Night Train AKA Pociag
R0 - United Kingdom - Second Run
Review written by and copyright: Paul Lewis (1st June 2013).
The Film

Night Train (Pociag/Baltic Express) (Jerzy Kawalerowicz, 1959)

The Polish film director Jerzy Kawalerowicz, a former art student, ‘entered postwar life burdened with the problems of his entire generation, having grown to maturity during the war, and being closely acquainted with the reality of the country from within’ (Liehm & Liehm, 1977: 118). Kawalerowicz’s cinema is one that is dominated by a theme of disillusionment: ‘the disillusionment of the resistance movement, the distaste for traditional Polish romanticism, the desire to maintain artistic independence, and the simultaneous fear of losing contact with the people’ (ibid.). His first film (The Village Mill/Gromada) had been made only seven years prior to Night Train, in 1952. András Bálint Kovács points out that whilst Night Train was praised by many Western critics, in Poland the film received bad reviews, and Kovács suggests this was because the film broke ‘with the dilemma between romantic heroism and everyday realism’ that dominated Polish cinema at during the 1950s (2007: 286).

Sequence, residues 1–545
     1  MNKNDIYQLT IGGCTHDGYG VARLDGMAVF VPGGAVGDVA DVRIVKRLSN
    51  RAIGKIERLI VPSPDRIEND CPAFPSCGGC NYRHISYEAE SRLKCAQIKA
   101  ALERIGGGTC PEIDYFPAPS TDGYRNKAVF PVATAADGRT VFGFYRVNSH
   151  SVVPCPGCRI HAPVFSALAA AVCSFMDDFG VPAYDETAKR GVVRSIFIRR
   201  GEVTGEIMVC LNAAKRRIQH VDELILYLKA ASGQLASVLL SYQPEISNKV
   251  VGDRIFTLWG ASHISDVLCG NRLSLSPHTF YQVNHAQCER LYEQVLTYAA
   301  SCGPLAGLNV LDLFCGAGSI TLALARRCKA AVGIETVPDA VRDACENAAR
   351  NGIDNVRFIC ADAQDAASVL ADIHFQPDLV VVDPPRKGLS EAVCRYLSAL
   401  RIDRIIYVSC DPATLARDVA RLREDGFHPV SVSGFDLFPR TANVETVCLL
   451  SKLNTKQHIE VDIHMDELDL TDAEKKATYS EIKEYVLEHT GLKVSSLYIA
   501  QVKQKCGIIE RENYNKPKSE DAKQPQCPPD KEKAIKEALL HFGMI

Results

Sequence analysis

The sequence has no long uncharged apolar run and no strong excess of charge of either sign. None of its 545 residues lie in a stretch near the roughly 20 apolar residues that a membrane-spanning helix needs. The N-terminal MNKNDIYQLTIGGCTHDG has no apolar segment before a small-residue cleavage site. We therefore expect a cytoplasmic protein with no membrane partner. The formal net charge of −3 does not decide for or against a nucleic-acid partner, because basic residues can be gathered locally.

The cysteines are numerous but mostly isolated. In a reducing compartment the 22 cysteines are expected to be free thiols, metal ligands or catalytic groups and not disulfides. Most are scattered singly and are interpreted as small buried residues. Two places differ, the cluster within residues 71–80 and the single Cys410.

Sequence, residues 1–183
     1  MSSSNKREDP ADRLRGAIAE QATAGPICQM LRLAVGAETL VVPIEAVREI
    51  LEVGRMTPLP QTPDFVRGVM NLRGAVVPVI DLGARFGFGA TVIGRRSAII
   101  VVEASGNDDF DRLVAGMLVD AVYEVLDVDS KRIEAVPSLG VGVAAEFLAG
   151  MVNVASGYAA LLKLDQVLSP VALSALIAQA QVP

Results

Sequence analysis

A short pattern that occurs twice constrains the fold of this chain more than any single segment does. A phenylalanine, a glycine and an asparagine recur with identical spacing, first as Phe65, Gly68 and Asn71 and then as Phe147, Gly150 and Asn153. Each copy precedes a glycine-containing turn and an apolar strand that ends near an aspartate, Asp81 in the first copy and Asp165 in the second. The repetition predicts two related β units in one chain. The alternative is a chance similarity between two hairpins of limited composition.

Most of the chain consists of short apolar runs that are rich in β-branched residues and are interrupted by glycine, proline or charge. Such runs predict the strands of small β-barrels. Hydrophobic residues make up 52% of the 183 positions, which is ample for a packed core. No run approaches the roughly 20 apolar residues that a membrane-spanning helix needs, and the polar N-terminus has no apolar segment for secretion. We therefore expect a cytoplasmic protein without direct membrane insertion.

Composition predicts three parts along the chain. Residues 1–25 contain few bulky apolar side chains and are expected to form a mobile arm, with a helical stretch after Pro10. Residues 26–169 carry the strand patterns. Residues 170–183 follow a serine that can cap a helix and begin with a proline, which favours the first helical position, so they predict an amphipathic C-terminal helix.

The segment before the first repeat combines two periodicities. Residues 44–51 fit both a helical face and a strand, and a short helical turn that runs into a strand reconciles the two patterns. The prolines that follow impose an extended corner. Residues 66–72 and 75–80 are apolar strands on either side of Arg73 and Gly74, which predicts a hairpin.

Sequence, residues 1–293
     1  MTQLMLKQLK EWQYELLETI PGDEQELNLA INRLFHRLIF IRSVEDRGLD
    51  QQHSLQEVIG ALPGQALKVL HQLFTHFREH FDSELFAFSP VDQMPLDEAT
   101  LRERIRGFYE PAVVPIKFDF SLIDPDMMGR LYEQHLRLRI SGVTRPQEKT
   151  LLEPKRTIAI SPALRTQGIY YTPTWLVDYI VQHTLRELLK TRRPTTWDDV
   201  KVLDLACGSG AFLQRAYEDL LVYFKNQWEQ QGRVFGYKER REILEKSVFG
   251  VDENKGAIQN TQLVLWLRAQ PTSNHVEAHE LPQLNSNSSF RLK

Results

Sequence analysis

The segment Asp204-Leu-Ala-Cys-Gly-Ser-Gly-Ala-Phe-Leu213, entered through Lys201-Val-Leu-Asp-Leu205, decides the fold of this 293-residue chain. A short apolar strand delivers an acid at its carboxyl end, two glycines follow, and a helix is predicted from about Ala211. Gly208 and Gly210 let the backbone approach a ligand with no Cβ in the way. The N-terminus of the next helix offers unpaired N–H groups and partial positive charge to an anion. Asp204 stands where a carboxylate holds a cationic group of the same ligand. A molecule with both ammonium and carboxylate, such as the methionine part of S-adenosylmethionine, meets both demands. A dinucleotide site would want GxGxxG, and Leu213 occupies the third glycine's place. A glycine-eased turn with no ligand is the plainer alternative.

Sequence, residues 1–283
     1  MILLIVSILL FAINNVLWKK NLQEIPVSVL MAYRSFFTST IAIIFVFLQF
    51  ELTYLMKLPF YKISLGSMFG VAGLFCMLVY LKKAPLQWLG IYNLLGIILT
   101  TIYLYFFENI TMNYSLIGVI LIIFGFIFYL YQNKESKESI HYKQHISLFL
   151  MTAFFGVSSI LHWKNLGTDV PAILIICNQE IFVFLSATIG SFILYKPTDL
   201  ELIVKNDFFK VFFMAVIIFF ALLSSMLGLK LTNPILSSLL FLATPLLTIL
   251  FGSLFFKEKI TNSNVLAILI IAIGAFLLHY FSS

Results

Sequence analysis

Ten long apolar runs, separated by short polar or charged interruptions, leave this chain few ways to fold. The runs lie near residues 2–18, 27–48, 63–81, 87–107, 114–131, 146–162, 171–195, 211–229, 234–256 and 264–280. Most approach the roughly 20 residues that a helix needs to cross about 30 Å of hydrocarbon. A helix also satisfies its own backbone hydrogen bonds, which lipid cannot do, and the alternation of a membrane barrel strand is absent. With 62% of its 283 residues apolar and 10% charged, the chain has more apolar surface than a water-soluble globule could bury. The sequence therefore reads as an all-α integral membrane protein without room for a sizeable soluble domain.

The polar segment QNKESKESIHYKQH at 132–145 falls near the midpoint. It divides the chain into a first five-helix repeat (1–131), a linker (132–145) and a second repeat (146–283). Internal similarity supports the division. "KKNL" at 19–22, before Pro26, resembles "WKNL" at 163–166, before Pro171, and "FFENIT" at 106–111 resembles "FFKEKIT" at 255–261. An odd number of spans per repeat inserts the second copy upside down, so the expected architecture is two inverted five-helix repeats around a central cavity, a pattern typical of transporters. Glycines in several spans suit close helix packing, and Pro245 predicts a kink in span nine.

The narrative of Night Train is deceptively simple. A group of passengers boards a train that is bound for the Baltic seaside resort of Gdynia, traveling via Starogard. A mysterious man wearing sunglasses, Jerzy (Leon Niemczyk), is forced against his wishes to share a compartment on a sleeper carriage with a woman, Marta (Lucyna Winnicka). Marta is being pursued by Staszek (Zbigniew Cybulski), a young man with whom Marta has recently ended a brief affair. Meanwhile, the other passengers on the train read a story in the newspaper about a murder and begin to suspect the aloof and mysterious Jerzy of being a killer-on-the-run. However, Jerzy, who is in fact a surgeon fleeing the city after one of his patients died on his operating table, leads the police to the real murderer; the train continues its journey.